Death by Deadline: How bad lawyering and an unforgiving law cost condemned men their last appeal

Ken Armstrong, Death by Deadline: How bad lawyering and an unforgiving law cost condemned men their last appeal, Part One. The Marshall Project, 15 November 2014. And Death by Deadline: When lawyers stumble, only their clients fall, Part Two, The Marshall Project, 16 November 2014. Published in partnership with The Washington Post. “[In 1996] President Bill Clinton endorsed a Republican plan to limit death-penalty appeals by setting a one-year deadline for the filing of habeas corpus petitions. Those federal appeals, which typically come after claims in state courts have been exhausted, allow inmates to seek a final review of their convictions on grounds ranging from juror misconduct to the suppression of evidence by prosecutors. Yet an investigation by The Marshall Project has found that in at least 80 capital cases in which lawyers have missed the deadline – sometimes through remarkable incompetence or neglect – it is almost always the prisoner alone who suffers the consequences.

Among the dozens of attorneys who have borne some responsibility for those mistakes, only one has been sanctioned for missing the deadline by a professional disciplinary body, the investigation found. And that attorney was given a simple censure, one of the profession’s lowest forms of punishment. The lack of oversight or accountability has left many of the lawyers who missed the habeas deadlines free to seek appointment by the federal courts to new death-penalty appeals.

By missing the filing deadline…inmates have usually lost access to habeas corpus, arguably the most critical safeguard in the United States’ system of capital punishment. “The Great Writ,” as it is often called (in Latin it means “you have the body”), habeas corpus allows prisoners to argue in federal court that the conviction or sentence they received in a state court violates federal law.

The 80 death-penalty cases reviewed here were largely culled from databases of federal court opinions, but they also include other, unpublished rulings that were known to capital defense attorneys and advocates interviewed around the country. They represent just a fraction of the habeas appeals foreclosed by the 1996 law, which also applies to non-capital cases….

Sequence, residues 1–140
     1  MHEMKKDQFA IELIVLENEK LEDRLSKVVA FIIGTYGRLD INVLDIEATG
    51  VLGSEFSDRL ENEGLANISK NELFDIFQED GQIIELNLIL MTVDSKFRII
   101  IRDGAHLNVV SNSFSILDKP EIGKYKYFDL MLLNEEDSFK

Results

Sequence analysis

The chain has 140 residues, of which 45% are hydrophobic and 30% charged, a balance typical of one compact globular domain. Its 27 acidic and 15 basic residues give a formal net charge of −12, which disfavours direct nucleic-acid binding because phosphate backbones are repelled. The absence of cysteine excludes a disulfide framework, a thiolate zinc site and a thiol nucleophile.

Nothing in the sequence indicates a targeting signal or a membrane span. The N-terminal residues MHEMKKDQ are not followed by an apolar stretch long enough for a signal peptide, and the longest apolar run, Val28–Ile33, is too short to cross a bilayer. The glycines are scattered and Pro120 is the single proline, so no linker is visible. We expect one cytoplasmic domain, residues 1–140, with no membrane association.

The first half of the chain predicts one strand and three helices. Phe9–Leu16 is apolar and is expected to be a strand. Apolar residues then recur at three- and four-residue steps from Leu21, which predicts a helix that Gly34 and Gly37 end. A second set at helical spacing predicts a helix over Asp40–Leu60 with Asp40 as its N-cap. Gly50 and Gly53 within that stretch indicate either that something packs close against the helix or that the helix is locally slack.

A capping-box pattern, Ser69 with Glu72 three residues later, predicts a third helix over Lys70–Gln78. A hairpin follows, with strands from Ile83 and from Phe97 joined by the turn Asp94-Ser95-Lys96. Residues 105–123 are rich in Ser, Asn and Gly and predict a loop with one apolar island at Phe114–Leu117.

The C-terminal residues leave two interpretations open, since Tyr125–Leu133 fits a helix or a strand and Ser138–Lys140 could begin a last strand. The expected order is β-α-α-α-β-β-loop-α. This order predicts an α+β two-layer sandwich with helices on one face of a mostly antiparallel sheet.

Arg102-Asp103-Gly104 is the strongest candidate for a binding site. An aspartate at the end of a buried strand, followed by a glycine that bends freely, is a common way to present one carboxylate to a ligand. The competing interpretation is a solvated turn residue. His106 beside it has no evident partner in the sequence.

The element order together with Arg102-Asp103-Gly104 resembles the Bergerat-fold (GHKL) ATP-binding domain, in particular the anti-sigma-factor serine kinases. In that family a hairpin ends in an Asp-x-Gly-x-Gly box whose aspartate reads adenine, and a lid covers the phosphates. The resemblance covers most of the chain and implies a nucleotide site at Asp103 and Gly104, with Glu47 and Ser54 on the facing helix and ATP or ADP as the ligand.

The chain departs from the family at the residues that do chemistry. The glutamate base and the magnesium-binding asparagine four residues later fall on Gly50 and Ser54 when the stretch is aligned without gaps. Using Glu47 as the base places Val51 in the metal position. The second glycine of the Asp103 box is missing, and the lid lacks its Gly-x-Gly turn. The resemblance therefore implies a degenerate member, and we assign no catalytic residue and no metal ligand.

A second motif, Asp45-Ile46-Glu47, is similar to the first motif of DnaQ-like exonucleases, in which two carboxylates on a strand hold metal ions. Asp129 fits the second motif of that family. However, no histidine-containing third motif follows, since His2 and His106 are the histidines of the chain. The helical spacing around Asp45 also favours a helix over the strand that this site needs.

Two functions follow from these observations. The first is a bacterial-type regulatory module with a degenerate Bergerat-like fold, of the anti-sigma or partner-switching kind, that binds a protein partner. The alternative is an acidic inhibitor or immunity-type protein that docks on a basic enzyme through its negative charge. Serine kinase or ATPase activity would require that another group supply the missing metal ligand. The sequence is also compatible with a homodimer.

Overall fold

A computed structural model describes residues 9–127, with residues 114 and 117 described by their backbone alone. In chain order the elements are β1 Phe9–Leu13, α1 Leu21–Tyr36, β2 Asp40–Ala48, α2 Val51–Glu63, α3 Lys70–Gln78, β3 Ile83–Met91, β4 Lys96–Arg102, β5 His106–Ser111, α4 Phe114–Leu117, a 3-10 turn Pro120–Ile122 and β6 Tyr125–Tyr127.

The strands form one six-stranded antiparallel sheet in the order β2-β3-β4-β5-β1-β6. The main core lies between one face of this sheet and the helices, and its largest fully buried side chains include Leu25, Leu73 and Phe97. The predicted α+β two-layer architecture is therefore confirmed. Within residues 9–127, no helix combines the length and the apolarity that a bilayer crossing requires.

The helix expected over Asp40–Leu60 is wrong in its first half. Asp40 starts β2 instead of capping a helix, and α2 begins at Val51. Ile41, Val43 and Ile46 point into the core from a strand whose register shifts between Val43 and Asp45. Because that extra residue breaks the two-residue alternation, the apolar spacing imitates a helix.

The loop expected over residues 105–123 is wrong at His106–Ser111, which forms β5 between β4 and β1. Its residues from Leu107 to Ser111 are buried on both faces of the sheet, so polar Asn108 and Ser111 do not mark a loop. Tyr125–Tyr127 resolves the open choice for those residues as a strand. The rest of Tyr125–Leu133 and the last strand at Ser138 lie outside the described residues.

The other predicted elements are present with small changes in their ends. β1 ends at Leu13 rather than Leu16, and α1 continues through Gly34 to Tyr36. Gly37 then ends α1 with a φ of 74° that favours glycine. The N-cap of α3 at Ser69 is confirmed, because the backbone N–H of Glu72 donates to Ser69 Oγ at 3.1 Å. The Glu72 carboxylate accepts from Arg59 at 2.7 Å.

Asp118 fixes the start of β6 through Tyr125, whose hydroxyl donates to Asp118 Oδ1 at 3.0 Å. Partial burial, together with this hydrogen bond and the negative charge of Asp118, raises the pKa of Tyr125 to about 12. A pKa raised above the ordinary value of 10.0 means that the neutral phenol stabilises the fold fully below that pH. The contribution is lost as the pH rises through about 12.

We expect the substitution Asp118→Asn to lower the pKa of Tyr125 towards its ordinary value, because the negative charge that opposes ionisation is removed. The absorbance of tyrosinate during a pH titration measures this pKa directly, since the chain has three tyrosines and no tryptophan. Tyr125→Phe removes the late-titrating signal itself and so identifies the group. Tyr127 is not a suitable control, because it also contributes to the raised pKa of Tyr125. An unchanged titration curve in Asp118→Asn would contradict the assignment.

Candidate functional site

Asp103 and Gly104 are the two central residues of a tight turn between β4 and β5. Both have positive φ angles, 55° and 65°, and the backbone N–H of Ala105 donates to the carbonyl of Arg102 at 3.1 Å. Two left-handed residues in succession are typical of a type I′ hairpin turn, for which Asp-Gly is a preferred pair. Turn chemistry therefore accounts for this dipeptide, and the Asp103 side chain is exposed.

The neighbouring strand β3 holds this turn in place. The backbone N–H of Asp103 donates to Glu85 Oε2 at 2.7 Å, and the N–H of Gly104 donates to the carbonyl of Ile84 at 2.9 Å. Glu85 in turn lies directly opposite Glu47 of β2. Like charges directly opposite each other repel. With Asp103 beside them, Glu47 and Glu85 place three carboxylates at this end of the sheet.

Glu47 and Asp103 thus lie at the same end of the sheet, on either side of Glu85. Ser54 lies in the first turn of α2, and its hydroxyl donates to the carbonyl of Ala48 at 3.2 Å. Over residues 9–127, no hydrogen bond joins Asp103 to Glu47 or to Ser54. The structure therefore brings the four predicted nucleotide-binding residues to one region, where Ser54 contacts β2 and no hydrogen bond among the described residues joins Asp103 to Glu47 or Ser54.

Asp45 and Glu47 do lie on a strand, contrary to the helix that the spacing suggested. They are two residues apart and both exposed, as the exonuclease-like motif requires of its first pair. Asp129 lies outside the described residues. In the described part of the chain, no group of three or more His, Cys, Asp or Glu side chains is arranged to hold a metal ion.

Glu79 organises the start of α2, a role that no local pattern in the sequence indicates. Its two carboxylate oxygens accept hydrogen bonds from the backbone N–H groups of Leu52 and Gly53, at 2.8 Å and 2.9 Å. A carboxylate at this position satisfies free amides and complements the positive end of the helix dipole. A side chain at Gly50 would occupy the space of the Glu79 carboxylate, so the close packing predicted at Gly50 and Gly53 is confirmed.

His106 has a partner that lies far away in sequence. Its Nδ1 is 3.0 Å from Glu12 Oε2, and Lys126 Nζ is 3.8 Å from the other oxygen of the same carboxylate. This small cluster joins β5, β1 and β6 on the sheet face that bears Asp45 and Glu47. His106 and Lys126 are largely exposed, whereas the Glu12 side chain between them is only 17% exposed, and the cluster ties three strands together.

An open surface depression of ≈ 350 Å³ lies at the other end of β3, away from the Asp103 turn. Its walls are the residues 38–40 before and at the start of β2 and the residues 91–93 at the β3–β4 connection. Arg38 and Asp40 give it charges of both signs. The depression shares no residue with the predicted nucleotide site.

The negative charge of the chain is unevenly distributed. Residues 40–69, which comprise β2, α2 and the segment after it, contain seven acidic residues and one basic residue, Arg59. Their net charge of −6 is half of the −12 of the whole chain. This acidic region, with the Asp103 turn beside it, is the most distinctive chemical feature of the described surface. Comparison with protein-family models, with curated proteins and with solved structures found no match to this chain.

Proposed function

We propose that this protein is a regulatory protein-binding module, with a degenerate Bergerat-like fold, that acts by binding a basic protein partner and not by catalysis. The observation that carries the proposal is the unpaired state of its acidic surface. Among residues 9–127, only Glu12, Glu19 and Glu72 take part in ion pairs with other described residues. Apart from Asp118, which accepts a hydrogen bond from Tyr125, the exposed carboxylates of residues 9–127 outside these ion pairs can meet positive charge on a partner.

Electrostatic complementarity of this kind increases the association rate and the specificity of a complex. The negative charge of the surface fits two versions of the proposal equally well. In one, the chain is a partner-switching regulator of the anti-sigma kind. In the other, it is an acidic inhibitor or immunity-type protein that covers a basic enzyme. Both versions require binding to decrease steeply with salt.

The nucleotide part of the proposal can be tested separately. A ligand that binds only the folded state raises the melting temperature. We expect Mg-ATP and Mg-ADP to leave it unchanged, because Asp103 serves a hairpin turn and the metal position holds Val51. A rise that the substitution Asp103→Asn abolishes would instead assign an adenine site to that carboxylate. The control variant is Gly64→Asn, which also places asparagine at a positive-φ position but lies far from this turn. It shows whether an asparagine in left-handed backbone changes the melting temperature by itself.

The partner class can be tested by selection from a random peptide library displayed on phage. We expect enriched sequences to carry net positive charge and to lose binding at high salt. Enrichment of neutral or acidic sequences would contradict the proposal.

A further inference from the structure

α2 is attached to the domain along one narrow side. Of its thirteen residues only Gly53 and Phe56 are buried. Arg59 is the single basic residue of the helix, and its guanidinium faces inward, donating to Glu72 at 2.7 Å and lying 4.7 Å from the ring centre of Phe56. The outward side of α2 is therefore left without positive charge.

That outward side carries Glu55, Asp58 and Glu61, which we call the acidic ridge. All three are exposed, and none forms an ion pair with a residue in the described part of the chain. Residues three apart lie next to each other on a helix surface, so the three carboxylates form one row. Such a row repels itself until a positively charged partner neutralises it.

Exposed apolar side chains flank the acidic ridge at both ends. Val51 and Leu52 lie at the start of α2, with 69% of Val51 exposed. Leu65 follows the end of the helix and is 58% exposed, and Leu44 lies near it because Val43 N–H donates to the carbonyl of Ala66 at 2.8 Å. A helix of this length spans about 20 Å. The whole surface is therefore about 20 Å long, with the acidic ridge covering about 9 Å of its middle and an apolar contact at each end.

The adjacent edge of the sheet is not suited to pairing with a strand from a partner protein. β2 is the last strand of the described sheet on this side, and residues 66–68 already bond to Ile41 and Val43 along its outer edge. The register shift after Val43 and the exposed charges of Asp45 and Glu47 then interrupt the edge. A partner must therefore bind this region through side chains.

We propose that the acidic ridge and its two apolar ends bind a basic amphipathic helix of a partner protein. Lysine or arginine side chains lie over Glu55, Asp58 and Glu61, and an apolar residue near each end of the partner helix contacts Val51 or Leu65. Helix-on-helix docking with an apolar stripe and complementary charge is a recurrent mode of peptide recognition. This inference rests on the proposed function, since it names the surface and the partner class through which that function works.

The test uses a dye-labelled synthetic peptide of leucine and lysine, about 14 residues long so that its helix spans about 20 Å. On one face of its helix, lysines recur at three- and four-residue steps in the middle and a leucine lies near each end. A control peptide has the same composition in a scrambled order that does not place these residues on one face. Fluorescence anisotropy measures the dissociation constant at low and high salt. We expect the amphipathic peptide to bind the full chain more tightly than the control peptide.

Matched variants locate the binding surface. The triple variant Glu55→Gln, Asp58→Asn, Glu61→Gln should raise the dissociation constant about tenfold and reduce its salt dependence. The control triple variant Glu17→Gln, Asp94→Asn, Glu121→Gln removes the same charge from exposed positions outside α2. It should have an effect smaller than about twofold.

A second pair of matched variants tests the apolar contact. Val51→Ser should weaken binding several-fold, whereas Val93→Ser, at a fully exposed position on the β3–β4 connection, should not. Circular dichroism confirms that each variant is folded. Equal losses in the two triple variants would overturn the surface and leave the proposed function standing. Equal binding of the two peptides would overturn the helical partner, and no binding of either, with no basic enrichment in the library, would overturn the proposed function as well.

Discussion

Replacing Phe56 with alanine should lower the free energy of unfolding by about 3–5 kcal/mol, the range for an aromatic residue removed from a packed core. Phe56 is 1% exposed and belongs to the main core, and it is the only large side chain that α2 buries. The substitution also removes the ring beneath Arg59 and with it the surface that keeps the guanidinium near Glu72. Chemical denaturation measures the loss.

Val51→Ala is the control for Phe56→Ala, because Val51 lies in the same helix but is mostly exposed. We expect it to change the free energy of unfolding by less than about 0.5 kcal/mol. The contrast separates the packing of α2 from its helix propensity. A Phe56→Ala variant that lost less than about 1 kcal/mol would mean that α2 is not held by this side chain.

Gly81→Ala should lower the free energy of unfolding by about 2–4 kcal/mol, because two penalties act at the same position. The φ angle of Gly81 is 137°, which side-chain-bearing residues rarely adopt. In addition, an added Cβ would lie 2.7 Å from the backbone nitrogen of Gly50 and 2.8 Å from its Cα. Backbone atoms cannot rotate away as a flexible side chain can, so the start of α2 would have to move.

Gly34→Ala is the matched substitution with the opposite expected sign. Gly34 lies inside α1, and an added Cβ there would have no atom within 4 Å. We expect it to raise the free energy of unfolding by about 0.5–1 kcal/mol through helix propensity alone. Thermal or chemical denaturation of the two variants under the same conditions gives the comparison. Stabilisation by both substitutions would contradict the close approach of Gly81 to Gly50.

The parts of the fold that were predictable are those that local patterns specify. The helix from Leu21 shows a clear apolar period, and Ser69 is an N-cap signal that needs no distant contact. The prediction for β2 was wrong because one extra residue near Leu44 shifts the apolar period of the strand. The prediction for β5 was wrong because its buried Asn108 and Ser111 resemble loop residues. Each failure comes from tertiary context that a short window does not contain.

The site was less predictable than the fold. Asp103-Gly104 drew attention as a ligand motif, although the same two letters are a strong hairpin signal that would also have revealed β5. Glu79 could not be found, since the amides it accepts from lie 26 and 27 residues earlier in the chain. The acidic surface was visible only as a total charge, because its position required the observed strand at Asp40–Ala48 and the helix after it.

Some of the lawyers’ mistakes can be traced to their misunderstandings of federal habeas law and the notoriously complex procedures that have grown up around it. Just as often, though, the errors have exposed the lack of care and resources that have long plagued the patchwork system by which indigent death-row prisoners are provided with legal help….

Some of the same federal judges who are responsible for appointing habeas counsel have later traced the failure of such attorneys to meet the filing deadline to their inexperience, indifference, ineptitude or illness – and to myriad combinations thereof….

On April 17, 1996, as then-Sen. Daniel Patrick Moynihan argued against any weakening of habeas corpus protections in the pending antiterrorism bill, the New York Democrat reminded his colleagues that the matters at hand were more profound than mere legal procedures. “We are dealing here, sir, with a fundamental provision of law, one of those essential civil liberties which precede and are the basis of political liberties,” Moynihan said.

Quoting from a letter that several former attorneys general had written to President Clinton, he cast the federal courts’ ability to review state-court decisions under habeas corpus as an essential guarantee: “It has a proud history of guarding against injustices born of racial prejudice and intolerance, of saving the innocent from imprisonment or execution, and in the process, ensuring the rights of all law-abiding citizens.”…

While the American public often complains about criminal defendants winning their legal cases on technicalities, the opposite is often true, says Gretchen Engel, a habeas expert who had advised Rouse’s defense team and provided the correct filing date: “What they don’t realize is how often people lose on technicalities, or in ways that would offend most people’s sense of justice.”…

The absence of any systematic monitoring or punishment for mistakes on which their clients’ lives might depend underscores the uneven quality of publicly funded legal aid to death-row prisoners who turn to the federal courts….

The rash of missed deadlines has become a source of frustration for some federal judges, and a subject of some concern in the Justice Department.

In an interview, the outgoing United States attorney general, Eric H. Holder Jr., said that before he relinquishes his post, he will deliver a report to President Obama on problems with the death penalty around the country, and that the department will consider the issue of missed deadlines in the filing of habeas petitions.